Archive for September, 2013
It will take some time to get used to Elke being gone. No, she didn’t die, she just moved back to Germany to recover from the death of her beloved husband Neil and to be with her aging parents. Not only do we miss her personally, we also miss her professionally.
Professional is the word for Elke Ney Murphy. (So is sweet, sincere, and compassionate!) For almost fourteen years, she has been one of the visible Managing Directors at Harbin. It was she that sat in the Main Office and oversaw reception and guest services, as well as outreach to the public. She had an impact on our history. During her time Harbin morphed from an amateur operation to a world-known healing and retreat center, yet still maintaining its uniquely alternative character.
Elke had been traveling the world when she arrived at Harbin as a guest twenty years ago, in August of 1993. Back then Harbin had a work-exchange program and she worked in the Garden with Prem. In October the same year she returned to Harbin – this time to stay. “I did not come to live in the United States, but in Harbin; the community, the waters and the beautiful nature were drawing me.”
“I was glad to be accepted, and just wanted to contribute to this wonderful place.” After one and a half years in housekeeping, and serving part time as a massage practitioner on staff, Elke got involved as a volunteer with organizing classes for candidates. She also had a wonderfully romantic courtship with Managing Director Neil Murphy, and in March of 1995, at the Solstice, they were married. In memorable Harbin style, the couple invited everyone at Harbin to their fabulously elegant wedding in the Conference Center.
Now thoroughly committed to being here, Elke threw herself body and soul into anything where she could make a difference. And make a difference she did. In 1995, there was a temporary manager, Grace Jones, in what would eventually become the Health Services Department. Grace had been in the job for a couple of months when she handed a cardboard box of files to Elke – “She’s all yours, Baby!” So without any training and no office, Elke took over massage management. “I worked out of our home on Shady Lane. Neil and I shared a one-room place, and I made one corner my office; meetings were held on the deck. I even had a computer there (my first) – and learned Excel to make spread sheets.” After a lot of cajoling, she finally got an office in the Redwood building.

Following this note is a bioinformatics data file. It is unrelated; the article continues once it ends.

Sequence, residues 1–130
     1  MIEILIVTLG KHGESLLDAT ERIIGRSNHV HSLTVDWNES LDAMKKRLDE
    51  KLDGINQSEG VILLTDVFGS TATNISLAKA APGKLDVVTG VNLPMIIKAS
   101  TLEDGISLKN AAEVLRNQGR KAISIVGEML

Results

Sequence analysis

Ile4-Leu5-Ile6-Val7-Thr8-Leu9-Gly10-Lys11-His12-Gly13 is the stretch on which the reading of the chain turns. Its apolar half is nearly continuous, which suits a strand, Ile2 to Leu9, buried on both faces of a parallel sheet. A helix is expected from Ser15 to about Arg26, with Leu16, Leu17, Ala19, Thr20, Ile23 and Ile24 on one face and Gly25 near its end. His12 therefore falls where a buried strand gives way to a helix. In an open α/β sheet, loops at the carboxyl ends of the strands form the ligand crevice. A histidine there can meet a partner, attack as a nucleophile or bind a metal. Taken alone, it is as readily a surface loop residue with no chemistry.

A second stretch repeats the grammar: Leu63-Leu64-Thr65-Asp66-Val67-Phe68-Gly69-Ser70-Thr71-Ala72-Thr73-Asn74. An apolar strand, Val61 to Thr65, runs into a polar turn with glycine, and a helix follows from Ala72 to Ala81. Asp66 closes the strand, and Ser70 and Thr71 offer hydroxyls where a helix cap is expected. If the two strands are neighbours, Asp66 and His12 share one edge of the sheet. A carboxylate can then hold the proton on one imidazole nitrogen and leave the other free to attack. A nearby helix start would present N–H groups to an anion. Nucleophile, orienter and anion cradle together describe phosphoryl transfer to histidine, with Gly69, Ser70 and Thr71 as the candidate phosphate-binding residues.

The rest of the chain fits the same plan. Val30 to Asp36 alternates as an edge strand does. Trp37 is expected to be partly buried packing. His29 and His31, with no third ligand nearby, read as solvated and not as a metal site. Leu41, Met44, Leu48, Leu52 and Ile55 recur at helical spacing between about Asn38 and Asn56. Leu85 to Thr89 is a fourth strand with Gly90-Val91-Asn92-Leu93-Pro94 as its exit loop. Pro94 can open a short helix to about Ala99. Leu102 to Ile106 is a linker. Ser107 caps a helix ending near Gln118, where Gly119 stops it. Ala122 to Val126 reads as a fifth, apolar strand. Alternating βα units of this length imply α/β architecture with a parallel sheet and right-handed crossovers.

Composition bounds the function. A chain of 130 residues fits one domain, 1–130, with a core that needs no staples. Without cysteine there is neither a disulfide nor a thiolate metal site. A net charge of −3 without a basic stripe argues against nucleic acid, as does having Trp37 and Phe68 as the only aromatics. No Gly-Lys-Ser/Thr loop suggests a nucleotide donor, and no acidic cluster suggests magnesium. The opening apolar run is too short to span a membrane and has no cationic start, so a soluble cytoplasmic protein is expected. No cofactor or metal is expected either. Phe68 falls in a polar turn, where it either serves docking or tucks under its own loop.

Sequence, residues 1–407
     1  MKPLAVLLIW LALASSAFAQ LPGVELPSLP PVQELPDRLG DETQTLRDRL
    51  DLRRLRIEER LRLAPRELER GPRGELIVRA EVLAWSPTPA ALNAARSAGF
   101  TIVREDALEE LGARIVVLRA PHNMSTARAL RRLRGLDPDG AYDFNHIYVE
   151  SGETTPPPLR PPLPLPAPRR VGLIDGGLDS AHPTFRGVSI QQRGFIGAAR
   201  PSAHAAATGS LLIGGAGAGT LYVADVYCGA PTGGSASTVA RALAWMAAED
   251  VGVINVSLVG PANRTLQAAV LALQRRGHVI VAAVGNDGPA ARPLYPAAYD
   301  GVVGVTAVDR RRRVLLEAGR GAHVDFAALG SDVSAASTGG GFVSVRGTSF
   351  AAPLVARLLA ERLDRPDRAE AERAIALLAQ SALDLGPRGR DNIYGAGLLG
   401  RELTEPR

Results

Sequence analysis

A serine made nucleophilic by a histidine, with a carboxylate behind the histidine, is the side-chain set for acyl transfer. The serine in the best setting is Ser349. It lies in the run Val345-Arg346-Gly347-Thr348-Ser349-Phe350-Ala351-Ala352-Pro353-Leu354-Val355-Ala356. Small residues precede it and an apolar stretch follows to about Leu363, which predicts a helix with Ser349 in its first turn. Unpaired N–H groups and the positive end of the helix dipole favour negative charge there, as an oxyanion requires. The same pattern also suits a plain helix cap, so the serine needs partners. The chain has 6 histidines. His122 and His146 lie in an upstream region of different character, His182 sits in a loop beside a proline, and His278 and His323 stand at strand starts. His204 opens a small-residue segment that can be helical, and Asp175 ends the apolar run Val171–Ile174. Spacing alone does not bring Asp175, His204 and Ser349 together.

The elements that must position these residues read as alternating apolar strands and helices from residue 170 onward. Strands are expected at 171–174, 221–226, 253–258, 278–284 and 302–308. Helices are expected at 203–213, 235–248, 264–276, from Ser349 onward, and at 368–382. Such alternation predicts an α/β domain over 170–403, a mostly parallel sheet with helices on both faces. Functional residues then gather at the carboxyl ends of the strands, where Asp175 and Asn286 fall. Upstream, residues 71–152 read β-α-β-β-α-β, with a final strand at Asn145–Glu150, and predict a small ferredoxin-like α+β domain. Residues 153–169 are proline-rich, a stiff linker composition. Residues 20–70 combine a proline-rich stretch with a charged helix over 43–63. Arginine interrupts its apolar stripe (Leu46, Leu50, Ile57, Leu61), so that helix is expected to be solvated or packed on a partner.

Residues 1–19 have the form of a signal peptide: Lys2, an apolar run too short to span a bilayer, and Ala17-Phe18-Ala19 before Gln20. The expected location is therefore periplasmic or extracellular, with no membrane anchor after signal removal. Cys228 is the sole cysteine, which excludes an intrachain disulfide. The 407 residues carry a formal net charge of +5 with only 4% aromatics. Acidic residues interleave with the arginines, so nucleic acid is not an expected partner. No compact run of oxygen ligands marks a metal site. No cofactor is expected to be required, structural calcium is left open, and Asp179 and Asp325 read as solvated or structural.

During this time, Elke was also getting to know Harbin’s founder, Ishvara. He and Ranjita (at the time) were on the testing committee for new therapists. Her first impressions of him: “He was smart and eccentric, and kept you on your toes. His challenges were meant to expose your weaknesses and help you grow. He could be abrupt, but he was usually right. And over time, he got gentler.”
In approximately 2-1/2 years, Elke transformed massage. The Redwood building was by now totally dedicated to bodywork, and is where guests and residents can get quiet massages near the pools from some 40 – 50 bodywork practitioners.
With such a stunning success in a previously impossible department, Elke was naturally asked to take over Reception. Elke hesitated, seeing the job as going from the frying pan to the fire. But Loren had left to take on the Workshops Department, Eme was poised to take on Health Services, and a new challenge was waiting. Again, she was thrown in with no training (“I got a crash course from Steve”), into a department that she’d never worked in with different and unintegrated softwares at the Office and the Front Gate.
The first thing Elke did was get raises for the staff, treating them like professionals. It paid off. The Reception staff worked great as a team and the standard of service improved. She remembers Ishpa and Janelle on the front desk , and Marilyn, Eric and Rosemary at the Gate (to mention just a few of the great staff). The Managing Directors at that time, Sajjad, Julie, Neil Murphy and Steve, had offices in the same building. Elke really liked her job and her team! She hired Drew as her assistant and got the Reception software integrated with the Gate. Within a year, the place was running smooth as hot spring water.
So of course, a few years later, Elke was invited to become a Managing Director.
Again, she hesitated. Was she taking on too much? That’s easy to do at Harbin, where the rule seems to be, “If you want something done, get a busy person to do it.” When Neil Murphy quit to take over the Restaurant in 1999, and Loren declined the position, Elke Murphy became a Managing Director, in charge of electricity conservation among other tasks. For two years, Elke was both Reception Manager and a Managing Director. She’d been right – it was too much. “Reception needs a full-time manager,” she said, and gave the job to her assistant Drew.